Dead Cool – Shikabane: Corpse Princess Part 1 Review
Title: Shikabane: Corpse Princess
Special Features: Japanese Language and Subtitles, english dub, textless opening and closing, commentary on Episode 12 with American director and VAs for Ouri and Makina.
Warning This review may contain spoilers.
Shikabane: Corpse Princess is one of those rare anime I went into without knowing anything at all. The check disks we receive are decoration-free, there is no cover for me to examine, all that I have is a small black-and-white reproduction of the proposed box design, and the blurb from the studio. I hadn’t heard anything online, or from people I’d spoken to at cons. I went into the series totally blind.
The series opens abruptly – a mystic cat wakes up a teenage boy, leading him through the empty rooms of a Buddhist temple. In one of the rooms he finds a dead girl, slashed and bloody. He hides when he hears a noise, and watches his mentor, a young monk, bring the girl apparently back to life. The girl is Makina Hoshino, and she has become the latest Shikabane Hime – killer of restless souls who have become violent. Caught between here and the afterworld, and bound to the monk who reanimated her, Makina can only gain eternal peace by killing 108 fellow zombies before she is murdered all over again.
Of course, you don’t find that out right away. In fact, her reanimation is followed by a simple and very striking opening card, and then the story continues a year after this opening took place, with a very touching scene in the orphanage associated with the temple. The monk who we had previously seen reanimating the young girl – Keisei Tagami – is playing with the younger orphans over breakfast, and Ouri Kagami, the teenage boy, is making plans to move out of the temple.
This scene is lovely. It reminds me a lot in tone, colour and content of the scenes you would perhaps see in something like Fruits Basket – gentle, understated and really rather sweet. There are some ‘saucy’ jokes, but unlike series like Bleach they are not hugely brash, nor do they redirect the tone of the scene or distract from the point. They are simply bits of natural conversation, rather than forced comedy.
Speaking of Bleach, the themes and plots are similar, but I’m not sure that would necessarily mean that Bleach fans would enjoy Shikabane, and equally that people who don’t like Bleach, wouldn’t enjoy it.
The concept of a Shikabane is a person who has died with regrets, and these regrets are strong enough to reanimate their corpse into a monster, capable of killing and basically unkillable, except by the Shikabane-Hime. A similar idea to the ‘Hollows’, or even the evil souls in Soul Eater, but Shikabane are physical beings, inhabited corpses that can be seen and interacted with by living people. And their actions and characters are much more visceral and animalistic. And their death doesn’t ‘purify’ them. Once they’re dead, they’re dead.
Shikabane: Corpse Princess is what I expected Soul Eater to be. It’s what I always wished Bleach was without even really being aware of it. The story of the anime is wonderfully balanced with the action, so understated when it needs to be, but with moments of real emotion and real horror. Stylistically, the animation of the monsters reminds me a lot of Hellsing, and the dark elements explored within the series clearly follow that same pattern. The first episode deals with a murderer who killed his ‘harem’. The second episode deals with three children killed in a bus crash, who deal out terror with a childlike glee.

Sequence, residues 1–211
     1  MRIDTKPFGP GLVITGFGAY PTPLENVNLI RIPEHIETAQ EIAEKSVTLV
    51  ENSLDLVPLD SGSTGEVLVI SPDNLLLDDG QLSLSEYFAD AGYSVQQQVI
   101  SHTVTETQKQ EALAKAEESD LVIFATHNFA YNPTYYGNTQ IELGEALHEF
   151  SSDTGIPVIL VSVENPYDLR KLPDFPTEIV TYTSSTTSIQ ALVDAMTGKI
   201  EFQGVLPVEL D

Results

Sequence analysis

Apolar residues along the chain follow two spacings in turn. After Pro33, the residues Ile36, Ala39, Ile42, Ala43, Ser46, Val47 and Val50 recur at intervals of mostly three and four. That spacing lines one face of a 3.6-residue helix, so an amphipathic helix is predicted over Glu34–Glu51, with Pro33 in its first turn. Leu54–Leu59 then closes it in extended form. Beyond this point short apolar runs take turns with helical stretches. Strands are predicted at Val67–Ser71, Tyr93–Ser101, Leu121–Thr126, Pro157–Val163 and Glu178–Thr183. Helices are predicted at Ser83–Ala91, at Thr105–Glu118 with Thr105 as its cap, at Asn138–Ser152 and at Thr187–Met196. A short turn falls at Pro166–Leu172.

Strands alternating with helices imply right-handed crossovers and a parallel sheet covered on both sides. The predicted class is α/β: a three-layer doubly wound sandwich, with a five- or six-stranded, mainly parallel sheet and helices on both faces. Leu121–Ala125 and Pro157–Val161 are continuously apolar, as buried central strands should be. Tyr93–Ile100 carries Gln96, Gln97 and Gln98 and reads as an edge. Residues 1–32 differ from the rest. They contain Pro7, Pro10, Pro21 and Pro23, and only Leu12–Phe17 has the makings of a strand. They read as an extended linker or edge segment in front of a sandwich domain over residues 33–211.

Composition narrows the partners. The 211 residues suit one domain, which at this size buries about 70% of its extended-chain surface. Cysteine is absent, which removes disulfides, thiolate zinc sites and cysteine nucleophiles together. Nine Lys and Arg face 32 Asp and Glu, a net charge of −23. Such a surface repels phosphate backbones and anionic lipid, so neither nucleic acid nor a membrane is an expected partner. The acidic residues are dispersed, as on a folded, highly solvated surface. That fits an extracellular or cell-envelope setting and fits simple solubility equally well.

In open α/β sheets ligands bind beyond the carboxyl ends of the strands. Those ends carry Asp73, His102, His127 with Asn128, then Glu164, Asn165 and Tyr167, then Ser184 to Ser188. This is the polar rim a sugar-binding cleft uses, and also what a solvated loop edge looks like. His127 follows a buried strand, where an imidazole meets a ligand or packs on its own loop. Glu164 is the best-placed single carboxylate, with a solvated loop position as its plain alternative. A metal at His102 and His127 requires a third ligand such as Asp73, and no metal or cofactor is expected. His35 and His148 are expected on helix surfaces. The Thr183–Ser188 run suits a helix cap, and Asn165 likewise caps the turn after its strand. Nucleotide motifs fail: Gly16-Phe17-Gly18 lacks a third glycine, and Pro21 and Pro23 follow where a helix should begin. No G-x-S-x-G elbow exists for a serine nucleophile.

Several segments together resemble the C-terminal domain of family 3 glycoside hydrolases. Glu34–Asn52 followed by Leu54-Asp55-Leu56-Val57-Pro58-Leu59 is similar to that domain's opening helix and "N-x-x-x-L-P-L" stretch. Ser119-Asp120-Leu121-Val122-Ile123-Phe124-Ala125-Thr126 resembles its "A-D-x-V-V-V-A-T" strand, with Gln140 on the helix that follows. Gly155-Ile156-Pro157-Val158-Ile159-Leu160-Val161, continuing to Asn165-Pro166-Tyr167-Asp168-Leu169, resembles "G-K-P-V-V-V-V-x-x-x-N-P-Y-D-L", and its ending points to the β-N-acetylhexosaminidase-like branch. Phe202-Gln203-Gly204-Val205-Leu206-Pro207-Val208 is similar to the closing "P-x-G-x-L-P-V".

Within two episodes, Shikabane has shown that anyone can become a monster, established the rules of it, and raised the question: what makes a monster? This is brave stuff for any show, but Shikabane handles it deftly and with skilled narrative. There is hint of a deeper, more sinster plot, of why Makina is the Shikabane-Hime, of Ouri’s fascination with her and what that means for his future, but the crumbs are dropped with more skill than I have seen in a long time, deftly woven in and out of scenes without making it too obvious, or giving too little. The dub is wonderful as well, with very well chosen voices, and a lot of the script’s nuances carefully translated. Interestingly, they keep the phrase “Shikabane-Hime” as Makina’s title, rather than translating ‘hime’ to ‘princess’. This little touch sets the show apart from so many others, it shows consideration in the scripting, that the series has been looked at as a whole before translation, so that the mood can be translated as well. Even the use of colour in the series is crafted, with greys and blacks used with greyed-down colours for darker scenes, whilst happier scenes use a more pastel pallette.
Shikabane is a piece of art more than an anime. At first, I thought it might be CSI: Dead People, but it’s not. Whilst each episode follows a sort of formula to begin with, each story is dealt with independently. The series is not afraid to deal with sex, suicide, child death and murder, and it does so respectfully and in a balanced and serious way. Unlike other series, the tension isn’t broken with pratfalls, which would cheapen the story they are telling. There are jokes, but they are subdued compared to other contemporary series, so they don’t seem crass next to the depth of story which is being told, or the heaviness of the issues being dealt with.
Looking at my notes for this review, the one thing that really stands out to me are the capital letters saying I LIKE THIS. This is the series I have been looking for, as a fan of urban-horror-fantasy, with dabblings in the gothic. And it has lots of guns.
Try this if you liked: Hellsing, InuYasha, Bleach